I have a splitboard setup + a pair of snowshoes, both are great excuses to get outside when the snow has taken over the trails. Obviously, the splitboard/AT setup requires a pretty big investment [+ avalanche training…please!] + I slowly invested over the course of about three seasons [season 1: take avalanche course + snowshoe with snowboard strapped to my back, season 2: buy splitboard + use improvized bindings, season 3: upgrade to level two avalanche training + buy splitboard-specific bindings]. I’m sure a similar process could happen with AT/backcountry skies. As for the snowshoes — it’s like hiking…in really deep snow with duck feet. You’ll find stabilizing muscles you didn’t even know existed! Any trails that are open to hiking are also often open to at least snowshoeing + other trail users tend to love it when someone on skis or snowshoes track it down to hike-able trail!

Hillary Allen

In the winter months I like to get strong! So that means less running and time in the weight room. I don’t do long runs at all, most long hours outside are spent on skis. Ski touring and ski mountaineering are my favorite activities in the winter. I don’t do races, but I do get out as often as I can to explore in winter. I also snowshoe!

Katelynn Wagner

I am partial to cycling as my favorite form of cross-training since I am also an ultra cyclist. But I only got into the sport for its cross-training benefits when I had a serious bout with plantar fasciitis. It really helps build the muscles I use for big climbs when running and it is so much easier on my joints (not to mention it really makes the booty pop.) During the warm months I cycle the 16 miles to and from work, and in the winter I hop on a stationary bike in the gym. The stationary bike, though boring, gives me a little more bang for my time since I can crank up the resistance and make the entire workout uphill if I want. It is always good to even out your cross-training with other things, but the bike is definitely my favorite.

Erin Brown

I love cross training all year long, and where I live, we don’t get much snow, so my routine pretty much stays the same. However! For cross training I love running stairs, taking spin classes and doing the Nike App workout which is FREE! And offers lots of high intensity training workouts, low intensity and some solid stretch workouts.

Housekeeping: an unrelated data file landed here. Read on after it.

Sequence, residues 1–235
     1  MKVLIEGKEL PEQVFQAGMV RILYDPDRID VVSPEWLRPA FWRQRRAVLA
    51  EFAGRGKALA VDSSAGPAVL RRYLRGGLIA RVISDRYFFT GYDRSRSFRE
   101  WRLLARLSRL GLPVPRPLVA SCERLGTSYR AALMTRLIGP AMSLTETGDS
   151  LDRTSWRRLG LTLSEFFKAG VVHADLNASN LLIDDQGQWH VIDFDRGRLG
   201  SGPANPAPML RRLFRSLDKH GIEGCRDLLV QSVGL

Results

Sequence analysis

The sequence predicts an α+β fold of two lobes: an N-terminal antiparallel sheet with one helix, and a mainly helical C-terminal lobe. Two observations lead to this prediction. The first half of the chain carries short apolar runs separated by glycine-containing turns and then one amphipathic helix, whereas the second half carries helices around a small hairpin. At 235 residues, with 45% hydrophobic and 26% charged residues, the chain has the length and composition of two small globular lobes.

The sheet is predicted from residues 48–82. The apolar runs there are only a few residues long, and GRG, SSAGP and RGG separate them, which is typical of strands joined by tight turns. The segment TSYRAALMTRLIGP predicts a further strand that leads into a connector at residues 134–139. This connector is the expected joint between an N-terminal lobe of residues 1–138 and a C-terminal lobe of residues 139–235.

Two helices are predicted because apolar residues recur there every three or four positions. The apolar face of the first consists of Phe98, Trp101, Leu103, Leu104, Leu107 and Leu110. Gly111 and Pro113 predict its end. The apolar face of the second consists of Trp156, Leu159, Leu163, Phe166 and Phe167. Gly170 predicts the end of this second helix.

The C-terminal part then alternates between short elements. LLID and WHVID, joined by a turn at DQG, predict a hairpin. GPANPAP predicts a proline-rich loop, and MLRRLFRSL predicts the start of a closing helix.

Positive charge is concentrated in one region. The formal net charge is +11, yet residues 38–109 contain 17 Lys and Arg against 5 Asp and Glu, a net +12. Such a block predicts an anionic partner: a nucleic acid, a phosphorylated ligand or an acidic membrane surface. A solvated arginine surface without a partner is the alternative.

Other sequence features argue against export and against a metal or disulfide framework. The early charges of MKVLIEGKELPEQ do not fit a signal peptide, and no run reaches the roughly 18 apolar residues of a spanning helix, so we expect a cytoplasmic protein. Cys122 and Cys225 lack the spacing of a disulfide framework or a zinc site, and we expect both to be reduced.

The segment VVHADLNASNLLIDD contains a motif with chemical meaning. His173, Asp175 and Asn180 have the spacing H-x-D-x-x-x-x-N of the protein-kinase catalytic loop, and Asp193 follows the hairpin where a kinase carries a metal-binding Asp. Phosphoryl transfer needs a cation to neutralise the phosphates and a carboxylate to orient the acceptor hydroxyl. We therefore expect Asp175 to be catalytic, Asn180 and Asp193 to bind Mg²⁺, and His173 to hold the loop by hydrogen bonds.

Clare Gallagher

SKIMO! Short for ski mountaineering, with the skinny skis. Read about it here. Start saving now and get yourself a setup if you live near hills and snow!

Krissy Moehl

Strength training is super important year round. I’ve found that as I get older and add more miles and years to my body I am more durable because of the added strength years of movement have added. To stay injury free I am 100% convinced that my weekly (minimum) fitness class at Trailhead Athletics is what keeps everything together. I try to add at least one more day a week of dynamic movement and weight training to the mix. During the winter, if I’m not running as much, I like to focus on strength training (2-4 days a week) to create an awesome base to work from once I pick the miles up again in the spring. The keys to the Trailhead program are proper form, sport specific workouts, and dynamic movements to challenge and strengthen the body in all plains.

Katie Grossman

I have long called winter “quad growing season,” and my usual means is via snowshoeing. For the steep terrain out here in the San Gabriels, I use a snowshoe/crampon hybrid – as I’m usually climbing and dealing with icy snow vs. powder, (and an ice axe, of course). Besides it being a killer workout (try 2,000 vertical feet in a mile), I love that winter allows me to take new lines up mountains that I love. I am also learning and loving the ski-mountaineering thing, but am on a few year process of feeling educated and comfortable enough to head into the backcountry. I’m excited to continue practicing on our ski runs (I go early morning, before they open) and fire roads here this season, as well as continue to take additional avalanche and winter mountaineering courses. It’s really exciting to learn a new sport and mode of traveling in the mountains – I often forget that I’m technically working out.

Tara Warren

Our mid-elevation trails are runnable through the winter. There aren’t any peaks to climb, but the main trails are lovely and snow-packed. However, I try to decrease my miles and add a little more yoga, skiing and indoor bike classes.